India bolsters that terrorism cannot and should not be perceived in our versus their framework and challenged through a strategy fragmented in line with international perimeters. Instead, it should be globally defined as a ‘criminal and unjustifiable act’. The international community must embrace a universal ‘zero-tolerance policy’ to undertake the menace efficiently. Although India is a vehement advocate of coercive stratagems toward non-state actors, its polling record in the Security Council on resolutions approving counter-terrorism sanctions and the use of force imparts that it is hesitant in using coercive measures against other sovereign states to counter-terrorism or in the name of counter-terrorism. The antiquity of India’s approach to the use of sanctions or the force divulges that it stands with the coercive measures only if such measures fall in line with the principle of respect for state sovereignty, the resulting principle, and proper authorization of the Security Council. India confers the UN’s‘ coordination role’. The regional multilateral bodies can also execute an immense role in counter-terrorism efforts, as highlighted at the recent Shanghai Corporation Organisation’s meet on September 17, through the role of Regional Anti-terror Structure (RATS). But again, there is a long path ahead to achieve global unison on whom to designate terrorism or a scapegoat.
Three decades into its existence, globalization is at the edge of its tether. Nations over the world are frequently rotating inwards. Global institutions are losing their importance and impact over huge portions of the globe. It is high time that to preserve their relevance and their faith, the global institutions address the continued appeals for their reforms. There has been a usual inclination of growing the number of Transnational challenges (for instance, terrorism, the proliferation of weapons of mass destruction, pandemics, climate crisis, cyber-security, poverty, etc..). The UN holding the epitome of multilateral world order will be enormously required in dealing with global issues. Hence, reforms in the UN are essential to restore the UN’s effectiveness as a multilateral organization, induce more transparency to the organization and enhance its credibility. The UN has been inadequate to respond efficiently to the once-in-a-century global crisis triggered by the coronavirus. At the UN Security Council, China blocked a serious dialogue on the root and sources of the crisis. While the US stepped out of the World Health Organisation on accusations of supporting China.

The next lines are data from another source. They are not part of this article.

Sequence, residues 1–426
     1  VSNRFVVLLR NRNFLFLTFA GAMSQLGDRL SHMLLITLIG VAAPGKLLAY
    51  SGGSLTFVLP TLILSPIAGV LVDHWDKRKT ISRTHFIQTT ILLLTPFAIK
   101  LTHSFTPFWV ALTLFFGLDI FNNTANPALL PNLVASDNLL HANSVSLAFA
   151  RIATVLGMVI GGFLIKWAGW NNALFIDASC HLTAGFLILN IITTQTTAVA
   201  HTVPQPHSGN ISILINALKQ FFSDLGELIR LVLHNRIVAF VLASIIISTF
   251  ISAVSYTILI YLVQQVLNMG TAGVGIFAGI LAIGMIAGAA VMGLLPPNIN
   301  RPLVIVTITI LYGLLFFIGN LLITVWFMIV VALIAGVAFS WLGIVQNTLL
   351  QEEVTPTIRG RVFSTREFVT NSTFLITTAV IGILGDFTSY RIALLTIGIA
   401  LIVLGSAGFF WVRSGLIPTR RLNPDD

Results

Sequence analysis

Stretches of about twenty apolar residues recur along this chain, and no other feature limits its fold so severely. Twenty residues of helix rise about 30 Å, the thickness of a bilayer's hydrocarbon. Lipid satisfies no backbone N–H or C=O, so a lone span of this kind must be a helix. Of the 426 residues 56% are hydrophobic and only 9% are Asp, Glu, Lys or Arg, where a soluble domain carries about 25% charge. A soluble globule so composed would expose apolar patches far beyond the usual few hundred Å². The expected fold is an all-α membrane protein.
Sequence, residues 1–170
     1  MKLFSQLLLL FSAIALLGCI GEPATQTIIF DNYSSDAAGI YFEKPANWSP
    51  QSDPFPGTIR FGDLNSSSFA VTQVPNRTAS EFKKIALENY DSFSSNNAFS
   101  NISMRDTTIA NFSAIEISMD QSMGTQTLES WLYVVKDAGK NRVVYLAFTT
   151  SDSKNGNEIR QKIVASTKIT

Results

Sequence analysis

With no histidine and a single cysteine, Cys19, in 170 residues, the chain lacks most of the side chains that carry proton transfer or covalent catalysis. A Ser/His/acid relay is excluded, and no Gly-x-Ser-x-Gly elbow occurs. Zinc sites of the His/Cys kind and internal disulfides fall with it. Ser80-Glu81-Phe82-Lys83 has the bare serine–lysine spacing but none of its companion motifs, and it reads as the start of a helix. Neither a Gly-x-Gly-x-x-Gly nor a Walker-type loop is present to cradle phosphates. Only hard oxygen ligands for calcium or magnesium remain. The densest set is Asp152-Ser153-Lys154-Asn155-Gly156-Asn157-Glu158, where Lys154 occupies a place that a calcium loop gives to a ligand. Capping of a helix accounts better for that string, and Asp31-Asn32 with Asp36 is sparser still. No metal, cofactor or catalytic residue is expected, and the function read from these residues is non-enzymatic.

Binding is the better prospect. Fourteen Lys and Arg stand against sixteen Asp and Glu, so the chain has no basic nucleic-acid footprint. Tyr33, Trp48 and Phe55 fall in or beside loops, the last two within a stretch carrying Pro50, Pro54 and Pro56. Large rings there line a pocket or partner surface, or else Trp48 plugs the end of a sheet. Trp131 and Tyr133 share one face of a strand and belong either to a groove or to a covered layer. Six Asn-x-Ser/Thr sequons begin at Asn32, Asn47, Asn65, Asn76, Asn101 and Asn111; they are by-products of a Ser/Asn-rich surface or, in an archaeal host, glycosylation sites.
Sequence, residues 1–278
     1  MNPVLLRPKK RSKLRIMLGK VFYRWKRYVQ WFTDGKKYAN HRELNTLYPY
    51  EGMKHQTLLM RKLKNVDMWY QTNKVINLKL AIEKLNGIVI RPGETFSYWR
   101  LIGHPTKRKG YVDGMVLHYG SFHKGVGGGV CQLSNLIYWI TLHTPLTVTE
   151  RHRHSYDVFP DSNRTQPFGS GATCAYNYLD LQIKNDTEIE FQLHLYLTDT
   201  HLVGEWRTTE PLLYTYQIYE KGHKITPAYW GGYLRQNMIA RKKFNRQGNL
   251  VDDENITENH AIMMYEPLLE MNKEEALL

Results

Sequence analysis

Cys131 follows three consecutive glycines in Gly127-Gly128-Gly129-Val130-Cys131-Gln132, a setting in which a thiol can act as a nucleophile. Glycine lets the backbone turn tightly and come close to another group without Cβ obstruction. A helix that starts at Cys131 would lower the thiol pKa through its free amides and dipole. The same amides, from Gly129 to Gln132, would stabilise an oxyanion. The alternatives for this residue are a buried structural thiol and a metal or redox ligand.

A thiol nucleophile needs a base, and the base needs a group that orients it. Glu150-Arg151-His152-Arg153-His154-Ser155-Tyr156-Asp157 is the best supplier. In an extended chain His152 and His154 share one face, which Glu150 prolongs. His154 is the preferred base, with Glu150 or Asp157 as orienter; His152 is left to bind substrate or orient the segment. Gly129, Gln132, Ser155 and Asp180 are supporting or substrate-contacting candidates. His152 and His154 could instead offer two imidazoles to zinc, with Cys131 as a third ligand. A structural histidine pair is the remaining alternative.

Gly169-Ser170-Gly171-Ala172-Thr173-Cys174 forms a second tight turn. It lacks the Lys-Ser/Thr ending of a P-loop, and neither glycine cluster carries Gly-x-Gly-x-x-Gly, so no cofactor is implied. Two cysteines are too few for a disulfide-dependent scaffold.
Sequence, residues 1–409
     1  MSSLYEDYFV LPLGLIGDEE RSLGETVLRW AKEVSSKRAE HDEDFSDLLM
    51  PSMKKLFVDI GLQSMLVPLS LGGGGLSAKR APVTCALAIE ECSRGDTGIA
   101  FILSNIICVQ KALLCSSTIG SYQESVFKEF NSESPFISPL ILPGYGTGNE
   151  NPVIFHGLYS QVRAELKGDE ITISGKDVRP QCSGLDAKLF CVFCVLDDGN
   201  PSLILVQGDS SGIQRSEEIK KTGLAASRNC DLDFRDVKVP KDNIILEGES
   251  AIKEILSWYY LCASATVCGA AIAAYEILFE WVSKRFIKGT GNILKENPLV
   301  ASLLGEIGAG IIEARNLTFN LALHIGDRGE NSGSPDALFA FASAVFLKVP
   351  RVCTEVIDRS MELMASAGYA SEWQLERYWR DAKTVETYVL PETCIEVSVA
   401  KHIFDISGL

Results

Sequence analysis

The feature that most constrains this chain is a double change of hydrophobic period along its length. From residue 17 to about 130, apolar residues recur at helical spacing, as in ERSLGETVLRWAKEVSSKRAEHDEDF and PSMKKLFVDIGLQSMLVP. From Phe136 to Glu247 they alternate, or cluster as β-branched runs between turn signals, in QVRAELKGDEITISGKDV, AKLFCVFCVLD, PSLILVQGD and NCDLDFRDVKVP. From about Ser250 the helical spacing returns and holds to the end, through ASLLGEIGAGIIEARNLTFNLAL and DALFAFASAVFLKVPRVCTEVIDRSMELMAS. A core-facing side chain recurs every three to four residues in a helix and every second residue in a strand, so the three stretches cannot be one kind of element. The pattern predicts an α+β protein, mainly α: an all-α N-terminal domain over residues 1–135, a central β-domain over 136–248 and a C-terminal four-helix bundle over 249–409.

UNSC is the UN’s chief executive organ, but the veto powers held by the UNSC’s five permanent members are applied as a tool to shore up their geopolitical interests, notwithstanding the unfortunate outcomes for the victims of armed conflict, as seen in Syria, Iraq, etc. Moreover, it does not exhibit today’s distribution of military and economic power, nor a geographical balance. Thus, the arrangement of the 15-member Security Council ought to be further democratic and representative. This has been long overdue on the demand, particularly from the so-called Group of 4 (G4) countries — Brazil, Germany, India, and Japan — which advance a permanent seat for each of them. The ECOSOC has been criticized because it has been overshadowed by institutions such as the IMF and the World Bank, which lack democratic processes, transparency, and accountability. It can be asserted that the UN has a lot to do but it has too scarce money, as it is in a constant financial crisis due to the unwillingness of members to pay their contributions on time. The UN cannot be effective until its budget remains constrained. While the broad number of international law treaties influencing international trade, economics, and human rights has proved very effective, laws forbidding the use of force have been less so. Thus, there is a necessity to incorporate more personnel and carry out structural reforms for the UN Peacekeeping Operations. Achievable solutions to reform UN finances can be setting a ‘reserve fund’ or even a ‘world tax’. Also, India can propose a bicameral parliamentary assembly framework for UNGA, to increase its productivity. The prime goal of India’s existing multilateralism should be to secure its territorial integrity, particularly at a time when China has embraced an aggressive demeanor on the border. Here, India can leverage multilateralism to assist India’s interests. Like aligning with Quad countries or pulling with mechanisms like FATF to install pressure on Pakistan to end sponsoring cross-border terrorism in India. Moreover, while restoring its role in the Non-Aligned Movement (NAM), India must engage with other multilateral institutions as new rule-making as India is not at a disadvantage if rule-making takes place outside the UN.
The subcontinent has historically been an integrated geopolitical area with a shared civilizational heritage. Evenly valid is the certainty of versatile contemporary sovereignties within South Asia. In dealing with these twin realities, the principles escorting India’s commitment are not excessively hard to discern. As a portion of the ideational restructuring of India’s foreign policy, what is primarily needed, aside from competent diplomacy, is the adoption of judicious plans, the chase of realistically attainable aims, and, above all, a demonstration of continuity of policy, irrespective of differences like the Administration. These may be time-absorbing but are a surer recipe for prosperity in accomplishing foreign policy objectives. India will always be a reliable ally and loyal friend and is bound to restore bilateral relations based on mutual trust, mutual interest, mutual respect, and mutual sensitivity. These are not easy principles to follow. But the new vocabulary on “mutual respect and mutual sensitivity” is positively cherished. Using foreign policy to create more opportunities and space in the international arena, India should approach flexibility and pragmatism. India’s consistent pursuit of this framework could serve India better to accomplish the paradoxical dynamic with its neighbors and the global arena.